This beautiful, modern and well designed pass is situated just north of the small town of Stutterheim on the national N6 highway. The pass derives its name from the small fort and telegraph office built in 1878 towards the end of the 9th (and last) Frontier War, and which was named after General Sir Arthur Cunynghame, commander of the British forces in South Africa from 1874 to 1879. The pass presents magnificent views over the forests which abound in the area, holds no apparent dangers, and can be driven in any vehicle.
Kommandonek is located on the tarred R26 road between the small Eastern Free State towns of Fouriesburg and Ficksburg. Although it traverses an area that is sprinkled with spectacular sandstone mountains, the pass itself is not particularly impressive, being only 4 kilometres long and with a height gain of only 77 metres. The R26 has a notoriously bad reputation for the numerous potholes which plague sections of this road, but the pass can be driven in any vehicle. The name of the pass is no doubt derived from the frenetic military activity in this region during the 2nd Anglo-Boer War.
Cole's Pass was considered in it's day to be quite a serious road and contains three minor passes within its 21,6 km length, but with the excellent modern engineering methods having smoothed out the gradients and improved the banking and width, today the name of Cole's Pass has fallen into disuse as offialdom no longer consider it worthy of being called a pass. In essence, the road connects the Houw Hoek Pass in the east with Sir Lowry's Pass in the west and forms part of the N2 highway. The road traverses lovely mountainous scenery, dotted with apple orchards, forests, dams and rivers, but this is a very busy highway, so drivers will need to keep their eyes on the road.
Like Sir Lowry's Pass, this pass was also named after Sir Galbraith Lowry Cole. He served as brigadier-general in Sicily and commanded the 1st Brigade at the Battle of Maida on the 4 July 1806. In 1808 he was promoted to major-general, to lieutenant-general in 1813 and full general in 1830. He was colonel of the 27th Foot, commanded the 4th Division in the Peninsular War under Wellington, and was wounded at the Battle of Albuera in which he played a decisive part. He was also wounded, much more seriously, at Salamanca. For having served with distinction in the battles of Maida, Albuhera, Salamanca, Vittoria, Pyrenees, Nivelle, Orthez and Toulouse, he received the Army Gold Cross with four clasps.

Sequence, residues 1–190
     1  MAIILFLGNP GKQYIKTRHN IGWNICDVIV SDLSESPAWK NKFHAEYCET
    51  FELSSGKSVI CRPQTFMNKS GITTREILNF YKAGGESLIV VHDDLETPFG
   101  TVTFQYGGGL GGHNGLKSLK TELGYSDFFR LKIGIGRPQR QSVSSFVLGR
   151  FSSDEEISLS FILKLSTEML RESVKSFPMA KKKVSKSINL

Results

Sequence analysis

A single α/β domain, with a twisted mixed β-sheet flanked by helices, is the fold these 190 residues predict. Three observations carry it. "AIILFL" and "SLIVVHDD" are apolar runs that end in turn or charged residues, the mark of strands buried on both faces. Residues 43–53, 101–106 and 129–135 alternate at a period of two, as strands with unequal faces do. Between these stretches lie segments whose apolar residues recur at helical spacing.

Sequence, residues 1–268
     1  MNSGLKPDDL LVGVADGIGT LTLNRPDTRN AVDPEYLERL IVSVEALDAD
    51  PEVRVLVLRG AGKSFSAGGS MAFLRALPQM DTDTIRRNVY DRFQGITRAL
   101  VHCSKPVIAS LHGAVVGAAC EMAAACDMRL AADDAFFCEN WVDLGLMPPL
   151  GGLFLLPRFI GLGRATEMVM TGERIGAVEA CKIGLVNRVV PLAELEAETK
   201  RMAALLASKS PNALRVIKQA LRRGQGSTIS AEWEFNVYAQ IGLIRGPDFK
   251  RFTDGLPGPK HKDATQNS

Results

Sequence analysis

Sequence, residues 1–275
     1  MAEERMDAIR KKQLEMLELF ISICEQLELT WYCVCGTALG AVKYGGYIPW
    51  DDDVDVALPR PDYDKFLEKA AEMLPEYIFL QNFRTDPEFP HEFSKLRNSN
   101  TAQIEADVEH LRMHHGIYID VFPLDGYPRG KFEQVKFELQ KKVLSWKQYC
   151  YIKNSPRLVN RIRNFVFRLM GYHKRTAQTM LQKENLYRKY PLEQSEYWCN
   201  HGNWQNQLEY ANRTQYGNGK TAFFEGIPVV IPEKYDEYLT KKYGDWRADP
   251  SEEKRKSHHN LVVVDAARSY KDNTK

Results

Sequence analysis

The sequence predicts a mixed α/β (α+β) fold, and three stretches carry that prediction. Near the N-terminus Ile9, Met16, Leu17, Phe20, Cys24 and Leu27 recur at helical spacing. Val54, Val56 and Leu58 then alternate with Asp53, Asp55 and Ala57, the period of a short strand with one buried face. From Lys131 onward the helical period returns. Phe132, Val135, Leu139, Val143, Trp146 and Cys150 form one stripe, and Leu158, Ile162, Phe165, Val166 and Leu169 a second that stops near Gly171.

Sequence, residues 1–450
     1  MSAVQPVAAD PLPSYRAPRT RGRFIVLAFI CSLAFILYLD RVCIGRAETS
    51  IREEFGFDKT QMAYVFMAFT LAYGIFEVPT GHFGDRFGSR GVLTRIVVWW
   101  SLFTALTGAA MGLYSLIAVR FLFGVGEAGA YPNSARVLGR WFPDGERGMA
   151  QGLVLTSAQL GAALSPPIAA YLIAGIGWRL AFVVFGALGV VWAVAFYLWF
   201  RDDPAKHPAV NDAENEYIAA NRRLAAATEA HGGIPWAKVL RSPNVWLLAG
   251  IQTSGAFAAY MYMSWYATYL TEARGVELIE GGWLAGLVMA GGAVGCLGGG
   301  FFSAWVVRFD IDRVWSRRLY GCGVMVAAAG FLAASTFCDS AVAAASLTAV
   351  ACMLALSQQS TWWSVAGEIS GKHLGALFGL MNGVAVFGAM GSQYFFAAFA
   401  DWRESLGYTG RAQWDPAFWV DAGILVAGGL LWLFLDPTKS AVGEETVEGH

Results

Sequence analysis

He was appointed 2nd Governor of Mauritius from 1823 to 1828. He left in 1828 to take up the post of Governor of the Cape Colony which position he filled until 1833. Cole was invested as a Knight Grand Cross, Order of the Bath on 2 January 1815.
Martjie Se Nek is a gravel road pass situated near Vaalwater in the Limpopo province. The road is wide and in good condition for most of the pass, but there are sections that have been heavily damaged by water runoff, necessitating the use of a high clearance vehicle, although a 4x4 would not be required. The clay surface of the road is badly corrugated, and would become treacherous in wet weather. The views from the flat section near the summit towards the south are magnificent, and provide a seemingly never-ending vista over the plains below the escarpment.
Brown’s Cutting is an obscure gravel road pass situated in the north-western corner of Limpopo province near Vaalwater, quite close to the Botswana border. It presents a challenge in that it is difficult to find, and will test your orienteering skills and sense of direction to the limit, particularly from the northern side. Although the pass itself is not very difficult to negotiate, the approach roads can be tricky, and some offroad driving experience would be helpful. You will need to be a dedicated pass-chaser to tick this one off your bucket list!